Friday, July 4, 2008

¿Dónde está la freedom?

Freedom...Lately when I hear that word, it comes out in my head in a thickly Te-jas-accented George W. Bush voice, which is sad. I don't want to make a political mockery of such a fine word.

I also think of fierce survivalist types who use freedom to mean more of an anarchical state - no rules, no taxes, the ultimate survival of the fittest (in a heavily armed little shack in the woods).

Then I think about when I was a little kid and freedom was more innocently connoted in my mind. Freedom meant George Washington, and Fromseatoshingingsea, and the Civil War that emancipated slaves.

In A Language Older that Words Derrick Jensen said that with increased awareness comes decreased happiness. When we know too much, it's hard to recapture the easier, blissfully ignorant stage of ourselves that believed in over-arching concepts. I'll show my jaded side and state that the idea of freedom in the US seems skewed to me. So many people hold the idea that we are a meritocracy and that with enough work or sweat equity anyone can do anything. Well, I don't necessarily think that's true - we don't all start out on an even playing field. If we did, I might believe that. But some people grow up in urban wastelands dodging bullets and dropping out to help feed the fam by age 12. Some people have parents who beat them or severely neglect them. Can some people rise out of these circumstances and make something of themselves? Absolutely. As a law of averages, though? No way.

And then, of course, there are a multitude of other freedoms that escape the working class but are the birthright of the wealthy...there are freedoms that are curtailed by political machinations and behind-closed-door-deals with multinationals...there are freedoms that are lost whenever any form of civilization of society is reified in our minds. We've all collectively agreed to play a game and (largely) abide by the rules. Is that freedom?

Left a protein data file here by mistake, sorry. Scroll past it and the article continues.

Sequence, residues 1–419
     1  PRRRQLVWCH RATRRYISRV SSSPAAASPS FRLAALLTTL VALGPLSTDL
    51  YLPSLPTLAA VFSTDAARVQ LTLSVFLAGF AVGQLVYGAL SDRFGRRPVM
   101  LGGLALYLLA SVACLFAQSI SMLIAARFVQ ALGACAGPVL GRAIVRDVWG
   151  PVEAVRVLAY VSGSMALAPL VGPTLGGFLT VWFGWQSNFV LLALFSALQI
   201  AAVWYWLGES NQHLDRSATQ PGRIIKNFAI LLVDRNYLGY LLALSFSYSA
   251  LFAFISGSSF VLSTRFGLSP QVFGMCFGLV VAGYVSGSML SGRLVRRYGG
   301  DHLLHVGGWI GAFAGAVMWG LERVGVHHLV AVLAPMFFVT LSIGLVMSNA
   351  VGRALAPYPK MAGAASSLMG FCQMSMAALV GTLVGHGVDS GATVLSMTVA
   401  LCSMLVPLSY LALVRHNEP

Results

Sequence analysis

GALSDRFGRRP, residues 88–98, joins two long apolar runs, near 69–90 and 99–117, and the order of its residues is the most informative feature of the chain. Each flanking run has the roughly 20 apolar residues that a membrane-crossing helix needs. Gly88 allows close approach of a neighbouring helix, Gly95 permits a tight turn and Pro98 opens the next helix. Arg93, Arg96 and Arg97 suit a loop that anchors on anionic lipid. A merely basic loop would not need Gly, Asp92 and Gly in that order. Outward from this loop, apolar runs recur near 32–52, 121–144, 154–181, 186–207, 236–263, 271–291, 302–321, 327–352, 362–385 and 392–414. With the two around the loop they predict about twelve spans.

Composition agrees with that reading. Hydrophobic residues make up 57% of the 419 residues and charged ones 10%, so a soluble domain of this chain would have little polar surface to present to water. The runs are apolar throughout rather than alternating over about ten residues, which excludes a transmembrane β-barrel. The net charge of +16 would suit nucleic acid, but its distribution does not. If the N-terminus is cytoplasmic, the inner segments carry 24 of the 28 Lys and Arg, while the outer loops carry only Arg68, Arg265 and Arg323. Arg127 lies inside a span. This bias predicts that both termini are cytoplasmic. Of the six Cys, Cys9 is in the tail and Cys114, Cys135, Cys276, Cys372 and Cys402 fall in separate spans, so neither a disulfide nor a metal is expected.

So maybe I'm trying to go too broad with the idea of freedom. Since I'm having trouble "feeling the freedom" on a national or international scale can I localize freedom? What does local freedom look like? Am I referring to local rules and regs as impediments to freedom or to the freedom I have within my personal sphere of influence or relationships? (I don't know!)

Maybe freedom is a state of mind. Maybe freedom escapes dogma and a rigid set of rules. Maybe freedom is a worldview.

I'm free to love, laugh, garden, kick my heels up, follow the rules I agree with and gently break those I don't (with an understanding of the potential consequences involved...). I'm free to get the sort of education I can afford. I'm free to give the finger to the corporate machine. I'm free to disagree with a political machine (hallelujah, now that's a freedom! I loved the bit about the American flag sticker on Tara's blog).

In that spirit, I'll close with this quote that I saw on the Urban Homestead blog - it's great.

"Interdependence is and ought to be as much the ideal of man as self-sufficiency. Man is a social being."

Mohandas Gandhi

To celebrate our freedom, we're doing the most Okie thing we can think of - going to the lake to grill out. Food, family, and fun - that's freedom.

2 comments:

Hausfrau said...

We have wonderful freedom here in America, but still the freedoms you exercise are largely the freedoms you can afford.

Lewru said...

Yep! I think having spent six years abroad really opened my eyes to what we have here. And there are wonderful things about living in the US - but I still think freedom is a state of mind rather than a list of rules. I saw that play out in other countries, as well...